Dialogue

Vocabulary

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Lesson Transcript

INTRODUCTION
Becky: Hi everyone, Becky here, and welcome back to FilipinoPod101.com. This is Basic Bootcamp Lesson 3 - Useful Phrases for Learning Filipino. This is the third lesson in a five-part series that will help you ease your way into Filipino.
Betsey: Kamusta! Hi, I’m Betsey.
Becky: In this lesson we will learn how to ask the meaning of something in Filipino.
Betsey: The conversation takes place at a classroom, and it’s between a teacher and a student. They will be using formal Filipino.
Becky: Let’s listen to the conversation!
POST CONVERSATION BANTER
Becky: It’s well known that in the Philippines, the majority of people understand and can speak some English.
Betsey: That’s right. Schools in the Philippines use an English teaching system. So, everything is mainly taught in English except the “Filipino language” classes.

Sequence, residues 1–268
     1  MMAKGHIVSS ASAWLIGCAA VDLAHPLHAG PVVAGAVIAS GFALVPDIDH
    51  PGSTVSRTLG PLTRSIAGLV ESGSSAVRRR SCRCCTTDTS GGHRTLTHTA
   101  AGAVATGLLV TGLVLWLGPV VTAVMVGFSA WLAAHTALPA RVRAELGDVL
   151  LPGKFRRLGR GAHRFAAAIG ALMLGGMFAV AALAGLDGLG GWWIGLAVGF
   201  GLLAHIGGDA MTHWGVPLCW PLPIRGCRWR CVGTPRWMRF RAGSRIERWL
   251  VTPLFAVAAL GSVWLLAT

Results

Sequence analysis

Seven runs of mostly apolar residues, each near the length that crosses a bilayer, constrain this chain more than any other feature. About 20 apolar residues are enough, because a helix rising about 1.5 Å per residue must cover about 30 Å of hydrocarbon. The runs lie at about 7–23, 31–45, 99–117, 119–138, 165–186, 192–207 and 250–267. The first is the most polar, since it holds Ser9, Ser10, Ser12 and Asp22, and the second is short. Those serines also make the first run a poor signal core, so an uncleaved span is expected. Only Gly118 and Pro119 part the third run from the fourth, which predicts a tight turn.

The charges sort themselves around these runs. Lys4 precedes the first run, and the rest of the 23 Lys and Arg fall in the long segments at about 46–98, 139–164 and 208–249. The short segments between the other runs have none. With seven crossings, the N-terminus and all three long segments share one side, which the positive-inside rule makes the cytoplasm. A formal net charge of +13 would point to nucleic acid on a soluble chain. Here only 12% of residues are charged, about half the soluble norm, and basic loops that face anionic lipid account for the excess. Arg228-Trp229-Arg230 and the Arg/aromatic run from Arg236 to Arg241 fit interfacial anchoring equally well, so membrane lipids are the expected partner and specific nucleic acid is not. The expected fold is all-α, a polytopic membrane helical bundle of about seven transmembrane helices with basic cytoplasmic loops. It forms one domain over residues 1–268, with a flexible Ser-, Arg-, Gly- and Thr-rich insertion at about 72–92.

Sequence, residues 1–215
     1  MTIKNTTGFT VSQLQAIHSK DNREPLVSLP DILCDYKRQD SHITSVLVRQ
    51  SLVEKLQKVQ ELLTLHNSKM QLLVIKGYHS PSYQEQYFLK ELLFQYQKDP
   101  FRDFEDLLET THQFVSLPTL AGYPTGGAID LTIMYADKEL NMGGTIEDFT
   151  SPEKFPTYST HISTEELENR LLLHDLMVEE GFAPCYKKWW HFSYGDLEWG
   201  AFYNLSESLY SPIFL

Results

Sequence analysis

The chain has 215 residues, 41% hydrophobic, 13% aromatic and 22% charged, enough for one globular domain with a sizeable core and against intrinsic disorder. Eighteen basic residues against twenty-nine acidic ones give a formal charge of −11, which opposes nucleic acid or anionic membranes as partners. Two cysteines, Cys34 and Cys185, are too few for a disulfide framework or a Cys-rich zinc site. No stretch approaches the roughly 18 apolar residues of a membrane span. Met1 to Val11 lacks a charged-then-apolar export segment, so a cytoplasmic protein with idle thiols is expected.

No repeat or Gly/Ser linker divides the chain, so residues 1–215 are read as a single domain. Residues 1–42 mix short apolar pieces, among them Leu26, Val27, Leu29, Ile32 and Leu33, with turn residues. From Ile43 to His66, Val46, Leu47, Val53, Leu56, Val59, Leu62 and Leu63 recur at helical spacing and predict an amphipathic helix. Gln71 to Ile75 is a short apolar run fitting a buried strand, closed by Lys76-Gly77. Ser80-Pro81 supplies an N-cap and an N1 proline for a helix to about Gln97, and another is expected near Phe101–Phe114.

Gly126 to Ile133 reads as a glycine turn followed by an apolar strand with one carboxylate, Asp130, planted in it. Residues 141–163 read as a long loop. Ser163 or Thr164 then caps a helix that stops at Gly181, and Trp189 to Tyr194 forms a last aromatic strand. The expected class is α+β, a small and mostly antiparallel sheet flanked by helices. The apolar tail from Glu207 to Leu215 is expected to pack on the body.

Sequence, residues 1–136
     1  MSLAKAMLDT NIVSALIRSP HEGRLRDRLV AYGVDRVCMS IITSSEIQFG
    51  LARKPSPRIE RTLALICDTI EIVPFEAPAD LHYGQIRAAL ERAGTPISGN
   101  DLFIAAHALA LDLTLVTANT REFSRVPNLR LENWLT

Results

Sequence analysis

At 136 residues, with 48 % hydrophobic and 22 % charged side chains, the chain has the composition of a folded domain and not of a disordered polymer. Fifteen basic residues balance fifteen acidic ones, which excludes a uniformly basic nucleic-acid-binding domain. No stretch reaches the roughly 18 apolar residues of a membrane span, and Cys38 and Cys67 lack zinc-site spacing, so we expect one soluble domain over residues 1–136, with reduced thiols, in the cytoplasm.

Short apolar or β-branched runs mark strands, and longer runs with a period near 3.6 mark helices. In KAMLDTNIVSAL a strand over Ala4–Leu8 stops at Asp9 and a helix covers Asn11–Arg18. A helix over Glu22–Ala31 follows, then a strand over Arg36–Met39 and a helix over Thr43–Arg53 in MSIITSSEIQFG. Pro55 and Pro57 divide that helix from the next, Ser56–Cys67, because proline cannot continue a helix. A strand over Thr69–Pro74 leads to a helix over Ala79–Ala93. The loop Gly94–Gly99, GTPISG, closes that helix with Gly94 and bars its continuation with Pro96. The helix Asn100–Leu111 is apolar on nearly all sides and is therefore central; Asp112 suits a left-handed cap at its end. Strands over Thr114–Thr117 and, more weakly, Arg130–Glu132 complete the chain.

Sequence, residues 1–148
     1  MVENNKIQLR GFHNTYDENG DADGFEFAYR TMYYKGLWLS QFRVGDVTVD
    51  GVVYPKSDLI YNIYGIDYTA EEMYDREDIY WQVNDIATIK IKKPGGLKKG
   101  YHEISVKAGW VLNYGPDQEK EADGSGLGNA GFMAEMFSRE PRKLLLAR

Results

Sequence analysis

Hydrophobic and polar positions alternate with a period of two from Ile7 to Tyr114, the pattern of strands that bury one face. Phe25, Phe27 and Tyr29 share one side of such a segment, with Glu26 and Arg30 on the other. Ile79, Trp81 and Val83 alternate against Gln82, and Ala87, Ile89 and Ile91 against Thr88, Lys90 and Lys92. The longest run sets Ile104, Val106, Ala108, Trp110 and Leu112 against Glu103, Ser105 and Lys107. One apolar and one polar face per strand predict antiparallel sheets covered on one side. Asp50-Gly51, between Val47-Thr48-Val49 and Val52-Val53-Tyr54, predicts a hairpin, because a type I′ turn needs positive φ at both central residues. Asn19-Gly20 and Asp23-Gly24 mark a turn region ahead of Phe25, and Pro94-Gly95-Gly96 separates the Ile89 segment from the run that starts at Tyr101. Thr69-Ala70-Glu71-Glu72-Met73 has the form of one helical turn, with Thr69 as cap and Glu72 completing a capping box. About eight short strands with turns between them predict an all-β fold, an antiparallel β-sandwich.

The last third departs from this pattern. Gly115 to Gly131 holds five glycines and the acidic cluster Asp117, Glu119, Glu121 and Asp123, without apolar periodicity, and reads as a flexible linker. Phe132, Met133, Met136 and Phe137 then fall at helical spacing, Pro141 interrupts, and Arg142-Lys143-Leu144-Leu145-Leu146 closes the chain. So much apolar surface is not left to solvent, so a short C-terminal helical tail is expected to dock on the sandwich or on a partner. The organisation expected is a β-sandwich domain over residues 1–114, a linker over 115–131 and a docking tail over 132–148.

Becky: But how much do Filipinos actually speak English?
Betsey: This definitely depends on the school. Some apply an “English-only” speaking policy, but some are a bit more loose on these rules.
Becky: So in reality, not everyone is fluent in English, and this all depends on the type of environment a person grew up in, right?
Betsey: That’s right, but you can assume that they at least understand some English.
Becky: Okay, now onto the vocab.
Becky: Let's take a look at the vocabulary for this lesson.
The first word we shall see is:
KEY VOCAB AND PHRASES
Betsey: Let’s take a look a closer look at the usage of some of the words and phrases from this lesson. The first word we shall see is “Paano”.
Becky: It means “how”.
Betsey: One more time. “Paano.”
Becky: In English you can use the word “How” in the phrase “How are you?”
Betsey: But in Filipino, this would be “Kumusta”. You cannot use “Paano” for words that describe how someone’s feeling. “Paano” can only be used when you are asking about an action. Using this word, you can say “Paano tumakbo ng mabilis?”
Becky: That means “How fast can you run?” The next word is...
Betsey: Paki.
Becky: It means “please”,“can you” or “may you”.
Betsey: The next word is “Pwede”.
Becky: It means “it is possible”, or like “paki” it can also mean “can”.
Betsey: There isn’t a clear difference when using “paki” and “pwede”, but if “paki” means “please do it”, “pwede” would be “can you do it”.
Becky: Okay, now onto the grammar.